Nicole King studies the closest living relatives of animals—the choanoflagellates—to reconstruct animal origins and elucidate core mechanisms underlying animal cell and developmental biology.
More than six hundred million years ago, an unusual group of microbial eukaryotes evolved the capacity for complex multicellularity and eventually spawned the full diversity of modern animals. Because modern animal development and physiology (including in humans) depend upon ancient mechanisms for cell adhesion and intercellular signaling, understanding animal origins promises to help illuminate modern animal development, homeostasis, and disease. To reconstruct the genetic, cell biological, and developmental foundations of animal origins, my lab studies the closest living relatives of animals, the choanoflagellates (Figure 1). We are particularly focused on understanding the biology of the choanoflagellate Salpingoeca rosetta, which is capable of alternating between single-celled and multicelled morphologies in response to a signaling molecule produced by environmental bacteria.
Although first described in 1847, choanoflagellates passed much of the following 150-plus years in obscurity. Thus, in addition to our goal of reconstructing animal origins, my lab has been developing choanoflagellates into experimentally tractable model organisms for studies of molecular mechanisms.
The Ancestry and Early Evolution of Animals Genes and Genomes
A key question in the origin of animals concerns how and when the "tool kit" of animal genes first evolved. To investigate whether genes required for animal development evolved before the origin of animal multicellularity, we sequenced the genomes of the choanoflagellates Monosiga brevicollis and S. rosetta (in collaboration with the Joint Genome Institute and the Broad Institute) and the transcriptomes of 19 additional choanoflagellate species. By comparing choanoflagellate genomes to genomes from diverse animals, we have begun to reconstruct the genome contents of the first animals and their ancestors. For example, the S. rosetta and M. brevicollis genomes unexpectedly revealed that choanoflagellates express homologs of diverse genes required for animal cell signaling and adhesion, including receptor tyrosine kinases, cadherins, and C-type lectins. Our goals are to build a searchable database of the ancestral animal genome and to investigate the premetazoan functions of diverse animal gene families.
Regulation of Cell Differentiation and Morphogenesis in the Choanoflagellate S. rosetta
The mechanisms by which choanoflagellates form colonies, establish cell polarity, and reproduce may provide crucial insights into the origin of animal multicellularity, but relatively little is known about their cell biology or natural history. We have found that S. rosetta can differentiate into at least three different single-celled morphs and at least two different multicelled morphs. S. rosetta colonies form through a process of incomplete cytokinesis (rather than cell aggregation) such that the mature colony is a clonal individual (Figure 2). In addition, neighboring cells in colonies are linked through fine intercellular bridges that may permit direct sharing of small molecules. We have also recently found that S. rosetta produces morphologically differentiated (i.e., "male" and "female") gametes and is capable of mating. To investigate the genetic determinants of cell differentiation and colony formation in S. rosetta, we plan to study patterns of gene expression combined with classical genetic screens.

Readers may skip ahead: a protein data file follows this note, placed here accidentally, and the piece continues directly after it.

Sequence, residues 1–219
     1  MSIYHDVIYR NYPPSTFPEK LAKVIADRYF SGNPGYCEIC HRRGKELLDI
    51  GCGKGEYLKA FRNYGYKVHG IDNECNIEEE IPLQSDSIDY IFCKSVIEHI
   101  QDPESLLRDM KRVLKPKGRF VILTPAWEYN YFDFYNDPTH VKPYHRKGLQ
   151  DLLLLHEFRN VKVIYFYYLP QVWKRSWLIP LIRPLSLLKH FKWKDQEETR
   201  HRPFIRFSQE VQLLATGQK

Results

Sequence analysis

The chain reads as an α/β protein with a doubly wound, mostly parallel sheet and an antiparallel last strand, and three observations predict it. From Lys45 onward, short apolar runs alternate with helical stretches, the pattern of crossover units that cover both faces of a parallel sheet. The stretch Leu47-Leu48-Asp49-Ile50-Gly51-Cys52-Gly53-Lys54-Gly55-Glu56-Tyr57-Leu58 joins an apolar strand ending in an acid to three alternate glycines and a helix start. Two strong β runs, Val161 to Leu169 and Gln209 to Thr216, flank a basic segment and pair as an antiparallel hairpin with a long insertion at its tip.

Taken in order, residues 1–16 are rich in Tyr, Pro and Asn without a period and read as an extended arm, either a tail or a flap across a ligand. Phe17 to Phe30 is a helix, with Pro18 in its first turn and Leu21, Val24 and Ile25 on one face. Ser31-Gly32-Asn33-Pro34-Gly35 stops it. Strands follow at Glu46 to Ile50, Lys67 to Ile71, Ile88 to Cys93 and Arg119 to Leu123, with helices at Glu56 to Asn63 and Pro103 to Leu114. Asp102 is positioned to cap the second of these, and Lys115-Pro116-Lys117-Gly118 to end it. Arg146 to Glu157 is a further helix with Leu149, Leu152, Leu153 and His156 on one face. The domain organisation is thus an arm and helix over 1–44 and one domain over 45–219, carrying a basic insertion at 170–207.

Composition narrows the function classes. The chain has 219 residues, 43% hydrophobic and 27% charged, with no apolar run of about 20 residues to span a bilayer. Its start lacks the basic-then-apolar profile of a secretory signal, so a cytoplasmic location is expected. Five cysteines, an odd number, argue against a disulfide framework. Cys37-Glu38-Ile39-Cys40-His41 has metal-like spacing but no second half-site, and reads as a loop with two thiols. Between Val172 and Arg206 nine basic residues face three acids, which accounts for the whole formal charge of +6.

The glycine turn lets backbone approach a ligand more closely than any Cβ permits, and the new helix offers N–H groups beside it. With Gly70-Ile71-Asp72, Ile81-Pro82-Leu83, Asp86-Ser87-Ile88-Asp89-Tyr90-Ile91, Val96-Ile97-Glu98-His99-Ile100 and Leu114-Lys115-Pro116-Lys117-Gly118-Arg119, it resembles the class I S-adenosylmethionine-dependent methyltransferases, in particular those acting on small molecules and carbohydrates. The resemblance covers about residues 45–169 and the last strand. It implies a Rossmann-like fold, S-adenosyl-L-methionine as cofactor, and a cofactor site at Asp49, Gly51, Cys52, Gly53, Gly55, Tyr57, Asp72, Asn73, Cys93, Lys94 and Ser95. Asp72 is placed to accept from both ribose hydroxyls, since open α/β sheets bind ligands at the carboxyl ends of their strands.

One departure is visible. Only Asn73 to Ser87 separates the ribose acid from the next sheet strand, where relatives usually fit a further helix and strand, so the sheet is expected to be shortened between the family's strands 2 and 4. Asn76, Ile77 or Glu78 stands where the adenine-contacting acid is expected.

Mechanisms and Evolution of Microbial Influences on Eukaryotic Biology and Morphogenesis
Perhaps the most unexpected breakthrough from my lab’s research has been the discovery that rosette colony development in S. rosetta is regulated by a secreted signal from the bacterium Algoriphagus. Notably, members of the Bacteroidetes phylum (of which Algoriphagus is one) regulate morphogenesis in at least three major groups of multicellular organisms: animals, red algae, and green algae. Although interactions between Bacteroidetes bacteria and their animal hosts play critical roles in animal development, metabolism, and evolution, relatively little is known about the molecular mechanisms involved. The close evolutionary relationship of choanoflagellates to animals and the experimental tractability of the S. rosetta-Algoriphagus interaction make this pairing useful for investigating the mechanisms by which environmental bacteria regulate eukaryotic cell biology and morphogenesis.
In collaboration with the lab of Jon Clardy (Harvard Medical School), we have isolated the Algoriphagus signaling molecule and determined that it is a member of a novel class of sulfonolipids (Figure 3). These findings provide a prototypical example of bacterial sulfonolipids triggering eukaryotic development and suggest molecular mechanisms through which bacteria may have inadvertently contributed to the evolution of multicellularity in animals. We hypothesize that the Algoriphagus inducer binds to a surface-exposed receptor or that it has physicochemical properties that allow it to diffuse across the choanoflagellate cell membrane and interact with an intracellular receptor. One of our goals is to identify and characterize the S. rosetta receptor(s) of the inducing molecule.
Grants from the National Institutes of Health, the Gordon and Betty Moore Marine Microbiology Initiative, the American Cancer Society, and the National Science Foundation provided partial support for some of these projects.
As of February 19, 2016.